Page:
So, just like usual, you are surfing on the internet for some new electronic projects and find yourself helpless every time in the end because you lack a PCB drill and most of the projects are too complicated to be made on prototype boards because they are highly susceptible to wiring errors. However, don't give up yet, because after finishing your instructable, you will have your own mini, handheld PCB drill. The drill I have made consists of a motor which gives off around 4000RPM @ 12V. The other parts are also easily and cheaply available online so you won't have to break a sweat while gathering the necessary stuff. With this being said, let us begin making our PCB drill.
I tweaked this drill up a bit enable it to cut PCBs as well using mini rotary blades.
Step 1: Gather Around Some Stuff
The requirements for this project are as stated below.
1. A High Torque DC Motor with sufficient RPM.
I'll be using a 4000RPM motor which gives surprisingly great results.
2. A Drill Bit Holder.
I had bought this from AliExpress. You can buy it from this link.
3. A DC Power Jack.
4. A 6-Pin Switch.
5. A Drill Bit
It's width depends on your choice. I use a 1mm drill bit. I had bought it from AliExpress as well. This is the link.
6. A short piece of wire.
7. An AC-DC Adapter.
I'm using a 12V adapter for my motor performs best at this voltage.
1. A Hot Glue Gun.
2. A Soldering Iron.
After you have gathered all this stuff, proceed to the next step.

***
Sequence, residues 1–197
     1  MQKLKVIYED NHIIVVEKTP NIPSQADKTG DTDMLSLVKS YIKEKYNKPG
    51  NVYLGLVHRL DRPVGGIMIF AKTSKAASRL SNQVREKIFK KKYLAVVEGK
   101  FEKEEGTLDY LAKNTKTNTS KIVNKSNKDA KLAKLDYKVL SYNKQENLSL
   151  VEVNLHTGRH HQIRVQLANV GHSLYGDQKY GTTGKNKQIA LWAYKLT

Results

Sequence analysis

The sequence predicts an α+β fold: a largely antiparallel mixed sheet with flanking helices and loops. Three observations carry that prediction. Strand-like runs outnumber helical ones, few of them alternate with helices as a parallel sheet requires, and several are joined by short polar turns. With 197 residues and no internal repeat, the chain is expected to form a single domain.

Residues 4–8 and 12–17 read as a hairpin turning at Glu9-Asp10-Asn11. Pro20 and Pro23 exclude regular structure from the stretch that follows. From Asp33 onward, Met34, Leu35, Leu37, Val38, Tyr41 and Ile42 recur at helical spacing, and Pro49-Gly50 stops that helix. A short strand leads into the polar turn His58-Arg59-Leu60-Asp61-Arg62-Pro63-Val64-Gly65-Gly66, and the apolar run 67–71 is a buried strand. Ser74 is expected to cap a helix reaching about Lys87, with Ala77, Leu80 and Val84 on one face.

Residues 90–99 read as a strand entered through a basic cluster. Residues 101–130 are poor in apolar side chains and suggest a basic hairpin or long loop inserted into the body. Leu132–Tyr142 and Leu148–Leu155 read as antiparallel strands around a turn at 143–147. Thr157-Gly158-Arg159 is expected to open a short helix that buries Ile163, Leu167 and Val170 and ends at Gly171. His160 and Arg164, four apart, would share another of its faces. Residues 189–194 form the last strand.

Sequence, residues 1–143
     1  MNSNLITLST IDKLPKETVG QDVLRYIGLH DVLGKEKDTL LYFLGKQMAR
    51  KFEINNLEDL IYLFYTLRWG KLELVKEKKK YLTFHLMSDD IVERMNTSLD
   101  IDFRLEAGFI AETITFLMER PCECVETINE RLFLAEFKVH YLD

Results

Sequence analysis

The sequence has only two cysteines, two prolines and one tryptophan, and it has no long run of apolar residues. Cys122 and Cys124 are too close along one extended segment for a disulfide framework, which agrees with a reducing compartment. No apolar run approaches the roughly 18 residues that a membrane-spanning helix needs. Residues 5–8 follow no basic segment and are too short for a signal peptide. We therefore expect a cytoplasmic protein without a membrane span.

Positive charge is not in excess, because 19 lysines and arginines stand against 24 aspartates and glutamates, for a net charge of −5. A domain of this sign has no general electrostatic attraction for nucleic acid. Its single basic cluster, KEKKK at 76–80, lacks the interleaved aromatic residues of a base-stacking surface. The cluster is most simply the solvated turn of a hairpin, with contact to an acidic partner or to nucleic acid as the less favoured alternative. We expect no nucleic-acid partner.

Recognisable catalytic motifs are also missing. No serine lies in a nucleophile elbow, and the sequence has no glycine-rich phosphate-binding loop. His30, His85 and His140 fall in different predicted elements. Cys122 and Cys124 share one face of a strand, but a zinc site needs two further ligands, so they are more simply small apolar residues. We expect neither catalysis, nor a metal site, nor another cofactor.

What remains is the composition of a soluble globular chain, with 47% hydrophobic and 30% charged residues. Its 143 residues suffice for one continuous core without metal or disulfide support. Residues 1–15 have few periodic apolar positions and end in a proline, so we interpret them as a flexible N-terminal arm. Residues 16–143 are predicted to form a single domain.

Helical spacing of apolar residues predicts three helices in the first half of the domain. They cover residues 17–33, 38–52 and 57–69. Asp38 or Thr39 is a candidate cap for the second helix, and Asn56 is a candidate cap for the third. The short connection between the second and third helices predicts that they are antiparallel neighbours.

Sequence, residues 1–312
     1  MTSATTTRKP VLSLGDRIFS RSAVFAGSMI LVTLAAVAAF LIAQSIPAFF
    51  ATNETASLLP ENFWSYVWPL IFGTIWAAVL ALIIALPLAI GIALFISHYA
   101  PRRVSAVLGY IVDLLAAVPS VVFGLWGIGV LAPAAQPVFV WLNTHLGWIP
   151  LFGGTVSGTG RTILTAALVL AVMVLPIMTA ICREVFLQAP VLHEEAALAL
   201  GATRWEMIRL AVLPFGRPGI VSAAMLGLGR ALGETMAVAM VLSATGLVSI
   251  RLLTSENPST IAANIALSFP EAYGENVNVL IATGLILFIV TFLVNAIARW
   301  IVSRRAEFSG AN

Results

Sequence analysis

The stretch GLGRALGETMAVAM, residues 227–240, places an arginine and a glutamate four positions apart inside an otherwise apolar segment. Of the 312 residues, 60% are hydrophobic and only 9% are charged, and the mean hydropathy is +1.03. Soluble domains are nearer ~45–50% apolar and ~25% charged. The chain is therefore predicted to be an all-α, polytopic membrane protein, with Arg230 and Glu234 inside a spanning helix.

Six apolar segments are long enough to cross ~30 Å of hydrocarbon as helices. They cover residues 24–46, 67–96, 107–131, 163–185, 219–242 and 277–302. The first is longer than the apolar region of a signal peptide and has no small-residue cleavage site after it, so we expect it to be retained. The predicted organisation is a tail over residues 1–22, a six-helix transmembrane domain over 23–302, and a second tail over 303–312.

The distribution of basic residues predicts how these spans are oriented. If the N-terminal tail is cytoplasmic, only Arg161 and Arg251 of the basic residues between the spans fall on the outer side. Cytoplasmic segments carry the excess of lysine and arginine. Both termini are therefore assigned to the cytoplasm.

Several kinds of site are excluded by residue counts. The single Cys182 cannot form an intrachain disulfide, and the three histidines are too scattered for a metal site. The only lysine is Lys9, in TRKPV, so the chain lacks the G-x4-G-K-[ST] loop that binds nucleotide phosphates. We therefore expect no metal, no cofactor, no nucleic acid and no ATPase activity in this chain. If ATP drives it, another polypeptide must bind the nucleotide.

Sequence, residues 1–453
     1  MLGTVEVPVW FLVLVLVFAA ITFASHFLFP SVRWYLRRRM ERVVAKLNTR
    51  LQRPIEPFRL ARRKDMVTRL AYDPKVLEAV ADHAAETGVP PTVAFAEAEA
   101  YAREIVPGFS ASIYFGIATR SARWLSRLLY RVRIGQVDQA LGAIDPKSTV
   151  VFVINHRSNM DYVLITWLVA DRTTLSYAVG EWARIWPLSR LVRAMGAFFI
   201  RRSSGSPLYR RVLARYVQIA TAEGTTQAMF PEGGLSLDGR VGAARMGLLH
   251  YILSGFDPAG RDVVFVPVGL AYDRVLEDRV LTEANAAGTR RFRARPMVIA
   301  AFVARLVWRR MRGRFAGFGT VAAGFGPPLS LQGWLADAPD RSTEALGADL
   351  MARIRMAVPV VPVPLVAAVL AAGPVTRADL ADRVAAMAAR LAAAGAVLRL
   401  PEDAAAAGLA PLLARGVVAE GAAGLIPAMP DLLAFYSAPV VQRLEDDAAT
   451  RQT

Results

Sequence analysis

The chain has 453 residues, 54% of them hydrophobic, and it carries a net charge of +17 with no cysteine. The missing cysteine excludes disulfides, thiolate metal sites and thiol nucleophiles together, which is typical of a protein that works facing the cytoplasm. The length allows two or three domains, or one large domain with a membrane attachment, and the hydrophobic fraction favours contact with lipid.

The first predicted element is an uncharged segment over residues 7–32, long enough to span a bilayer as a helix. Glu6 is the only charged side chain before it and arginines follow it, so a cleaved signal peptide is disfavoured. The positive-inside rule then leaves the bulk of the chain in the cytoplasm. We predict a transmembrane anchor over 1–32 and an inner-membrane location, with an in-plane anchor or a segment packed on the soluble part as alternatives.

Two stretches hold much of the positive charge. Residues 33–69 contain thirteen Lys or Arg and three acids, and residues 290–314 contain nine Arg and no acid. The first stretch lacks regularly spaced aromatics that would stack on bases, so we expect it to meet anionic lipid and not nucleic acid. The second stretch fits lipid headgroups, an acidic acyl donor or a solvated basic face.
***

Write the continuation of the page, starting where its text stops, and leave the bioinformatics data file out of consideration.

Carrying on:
A few requirements need to be changed if you want to build a PCB cutter from this motor as well. Refer to Step 7 and use the links placed there instead of the ones posted here.
Step 2: Wiring the Motor
Pick up your motor and solder both the ends of the wire to the respective terminals of the motor. Now, trim the wire at each terminal according to your wish. I have posted a picture regarding this step.
Now its time to add the switch and the female power jack.
For this, wire one terminal of the motor to the power jack. Then wire the other terminal of the power jack to one of the switch pins. The remaining pin of the switch will be wired to the other motor terminal.
I have posted the picture of wiring the pin. Refer to it for wiring it efficiently.
That's it for this step.
Step 3: Checking the Motor's Rotation
After finishing all the wiring, we have to check the rotation of the motor. The motor should be wired in such a way that there should be "anti-clockwise rotation". If you want to be more sure, pick up your drill bit and start rotating it in such a way that the ridges on it seem to move upwards. The rotation in which the drill bit's ridges will seem to be moving upwards will be your motor's ideal rotation. In my case, it was anticlockwise, that is why I have wired my motor to rotate anticlockwise.
The embedded video is for helping you in finding the ideal rotation of your drill bit. The motor rotation should be the ideal rotation of the drill bit, that is if the ideal rotation of drill bit is anticlockwise, then the motor shaft should rotate anticlockwise as well.
If your motor is not rotating in the correct rotation, reverse the wiring of the terminals.
Step 4: Inserting the Drill Bit Holder
This is the most crucial part of this project for even a slightest error in this step will affect the drill's performance in a huge manner.